Psalm 23:5 Text & Translation
תַּעֲרֹ֬ךְ לְפָנַ֨י׀ שֻׁלְחָ֗ן נֶ֥גֶד צֹרְרָ֑י דִּשַּׁ֖נְתָּ בַשֶּׁ֥מֶן רֹ֝אשִׁ֗י כּוֹסִ֥י רְוָיָֽה׃1You prepare before me a table | in front of my enemies | You anoint with oil my head | my cup overflows (Ps 23:5, AT)
With this line, the psalmist switches from depicting God as the Shepherd to depicting God as the Host.2
Prepare a table refers to a feast3 and generous hospitality (cf. Pr 9:1-6).4 Tables were common in wealthy households, but not ordinary homes (cf. Judg 1:7; 2 Sam 9:7-13; 2 Ki 4:10; Job 36:16).5 The rich Host provides rich foods.
They willfully put God to the test by demanding the food they craved. They spoke against God; they said, “Can God really spread a table in the wilderness? (Ps 78:18-19, NIV).6
Other psalms suggest a connection between offering sacrifices in the Temple or tabernacle and eating a feast:
I have seen you in the sanctuary and beheld your power and your glory. Because your love is better than life, my lips will glorify you. I will praise you as long as I live, and in your name I will lift up my hands. I will be fully satisfied as with the richest of foods; with singing lips my mouth will praise you. (Ps 63:2-5, NIV; cf. Ps 22:25-26;36:8,116:13,17-18).9
Divine Dinner Protection
Considering that the last line (Ps 23:6) speaks of being in the house of the LORD, some think this psalm is about a worshipper on a journey to the temple (or tabernacle) of the LORD.10
I am not too, sure about this, however. Would the psalmist’s enemies also be in the temple?
The historical context of this psalm is uncertain. Like many other psalms, it seems to be written in a very general way, allowing singers to draw upon it in a variety of situations.
That being said, when his son Absalom was trying to kill him, David did have a feast in the presence of his enemies (2 Sam 17:27-29).11
However, in “the presence of” may be too weak of a translation. I prefer in front of (נֶגֶד | neged) since there is likely a tone of taunting.12
When young, brothers and sisters often tease each other. But usually not when mom or dad is around. Siblings know that bullying is not going to fly when mom is around. They might even make faces at their sibling to taunt them, for they know they can’t do anything about it when their father is around.
Along the same lines, the psalmist does not fear his enemies since His Heavenly Father is around. And this may even be a victory feast with captives or “defeated rivals as reluctant guests”13 – where God is depicted as a “protective shepherd king” (cf. 2 Sam 9:7-13; 2 Ki 25:27-30).14
Also, in the ancient Near East, to eating with someone resulted in a lasting bond of mutual and even covenantal loyalty.15 For example, after the LORD makes a covenant with the Israelites at Mount Sinai, and after they are sprinkled with the blood of the covenant, they ate and drank together (Ex 24:8-12).16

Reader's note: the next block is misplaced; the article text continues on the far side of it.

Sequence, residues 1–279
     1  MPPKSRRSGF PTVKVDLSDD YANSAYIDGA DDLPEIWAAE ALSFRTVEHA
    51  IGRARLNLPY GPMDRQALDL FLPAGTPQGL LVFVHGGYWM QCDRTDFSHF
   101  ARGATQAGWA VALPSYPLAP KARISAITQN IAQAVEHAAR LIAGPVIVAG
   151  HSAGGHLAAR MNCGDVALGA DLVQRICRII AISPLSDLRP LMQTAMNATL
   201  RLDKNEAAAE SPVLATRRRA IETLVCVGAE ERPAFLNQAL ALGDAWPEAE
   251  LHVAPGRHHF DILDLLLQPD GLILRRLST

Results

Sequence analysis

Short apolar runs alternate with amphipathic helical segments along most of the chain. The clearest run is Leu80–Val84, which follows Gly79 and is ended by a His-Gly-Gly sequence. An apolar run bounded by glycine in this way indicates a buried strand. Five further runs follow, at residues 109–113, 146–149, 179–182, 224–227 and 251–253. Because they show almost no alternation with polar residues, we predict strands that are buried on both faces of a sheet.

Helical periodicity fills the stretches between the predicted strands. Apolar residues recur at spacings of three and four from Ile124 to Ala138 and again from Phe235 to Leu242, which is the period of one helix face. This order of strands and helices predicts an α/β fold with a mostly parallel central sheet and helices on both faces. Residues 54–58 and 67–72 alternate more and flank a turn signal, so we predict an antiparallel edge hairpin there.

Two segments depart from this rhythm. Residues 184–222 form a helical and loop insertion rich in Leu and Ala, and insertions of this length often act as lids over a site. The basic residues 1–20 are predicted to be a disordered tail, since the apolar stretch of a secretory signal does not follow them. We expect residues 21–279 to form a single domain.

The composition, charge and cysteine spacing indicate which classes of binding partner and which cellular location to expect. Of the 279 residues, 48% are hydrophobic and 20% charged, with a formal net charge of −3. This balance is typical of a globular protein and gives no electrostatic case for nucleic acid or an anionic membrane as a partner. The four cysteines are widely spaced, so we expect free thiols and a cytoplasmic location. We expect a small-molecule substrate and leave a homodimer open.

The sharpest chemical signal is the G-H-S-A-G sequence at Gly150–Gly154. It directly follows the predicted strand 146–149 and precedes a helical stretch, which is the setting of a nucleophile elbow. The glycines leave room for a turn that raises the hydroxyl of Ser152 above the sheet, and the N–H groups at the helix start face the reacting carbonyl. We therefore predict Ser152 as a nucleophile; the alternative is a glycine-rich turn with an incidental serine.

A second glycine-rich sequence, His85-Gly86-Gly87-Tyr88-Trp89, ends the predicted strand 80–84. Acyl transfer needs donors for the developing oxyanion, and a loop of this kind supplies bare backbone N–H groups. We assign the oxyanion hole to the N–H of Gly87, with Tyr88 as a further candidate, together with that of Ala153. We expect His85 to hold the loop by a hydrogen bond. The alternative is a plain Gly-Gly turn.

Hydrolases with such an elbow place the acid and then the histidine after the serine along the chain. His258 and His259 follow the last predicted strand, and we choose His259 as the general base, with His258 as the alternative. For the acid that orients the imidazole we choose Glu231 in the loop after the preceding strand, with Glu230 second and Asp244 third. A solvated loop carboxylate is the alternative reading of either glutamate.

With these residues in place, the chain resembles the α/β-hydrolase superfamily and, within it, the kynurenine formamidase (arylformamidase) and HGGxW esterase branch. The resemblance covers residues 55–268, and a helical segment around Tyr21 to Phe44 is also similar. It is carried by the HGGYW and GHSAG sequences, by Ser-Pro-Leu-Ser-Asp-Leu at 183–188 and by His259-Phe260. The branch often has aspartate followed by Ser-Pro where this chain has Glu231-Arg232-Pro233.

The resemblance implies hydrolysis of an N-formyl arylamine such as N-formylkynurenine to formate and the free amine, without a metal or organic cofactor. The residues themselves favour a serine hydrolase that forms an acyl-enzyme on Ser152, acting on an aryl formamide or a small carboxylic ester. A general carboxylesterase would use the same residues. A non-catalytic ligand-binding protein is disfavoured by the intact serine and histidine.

Furthermore, Jesus spoke of the new covenant in His blood — at the Last Supper (1 Cor 11:25).17
In any case, the psalmist sings confidently of God’s protection in hostile circumstances (Ps 23:4) and from hostile people (Ps 23:5)/18
Anoint (דָּשֵׁן | dāšēn) is more literally translated “make fat”.19 God the Host makes the psalmist head fat with oil.
Anointing a guest’s head with oil (שֶׁמֶן | šāmēn) was the part of the ancient cultural etiquette for hospitality and honoring guests.20
Nowadays, it’s customary to take guests’ coats and offer them something to drink. Back then, perhaps after a long journey on foot, it was customary to allows one’s guests to freshen up with oil.
We see this custom even in the 1st century. In the New Testament, when Jesus visits the home of Simon the Pharisee, after the woman pours perfume on His feet from her alabaster jar, He says to Simon:
You did not put oil on my head, but she has poured perfume on my feet. (Lk 7:46, NIV).23
The psalmist says the cup is overflowing (רְוָיָה | rĕwāyâ) using a word that literally means “saturation”25 and metaphorically refers to “superabundance”.26 This is a depiction of God the Host’s generosity.27
In these lines, the picture switches from God the Shepherd to God the Host. Here, the LORD shows His generosity and hospitality — even in the presence of the psalmist’s enemies. The psalmist sings confidently of God’s presence and protection in hostile circumstances (Ps 23:4) and from hostile people (Ps 23:5).
- Biblia Hebraica Stuttgartensia: With Werkgroep Informatica, Vrije Universiteit Morphology; Bible. O.T. Hebrew. Werkgroep Informatica, Vrije Universiteit. (Logos Bible Software, 2006), Ps 23:5.
- UBS, 234; Wilcock, 86; Longman, 136; Jacobson, 244
- UBS, 234
- Gen 18:18; Ex 2:18-20;Walton, 341 cf. Pr 9:1-6; Longman, 136
- Waltke, 442
- Broyles, 125; Jacobson, 244; Craigie, 207
- Broyles, 124; Dt. 12:17-19, 14:22-29; Jacobson, 244; Goldingay, 352; Craigie, 208
- Futato, 103
- Broyles, 124
- Broyles, 124
- Motyer, 500; Wilcock, 86
- UBS, 234 cf. BDB, 617
- Kidner, 129; Jacobson, 244
- Walton, 341; cf. Jacobson, 244; Goldingay, 352; Waltke, 442
- Kidner, 129 cf. Longman, 136
- Kidner, 129
- Kidner, 129
- Motyer, 501
- NIDOTTE, 1000; TDOT, 310; cf. TWOT, 199
- UBS, 234; BDB, 1032; TDOT, 251; HALOT, 1568; NIDOTTE, 172; Futato, 101
- Matthews et. al. IVP
- Walton, 341
- UBS, 234; Goldingay, 352; Briggs, 210
- TDOT, 360; UBS, 235
- TWOT, 836
- NIDOTTE, 1078 cf. Craigie, 208; Waltke, 443
- UBS, 235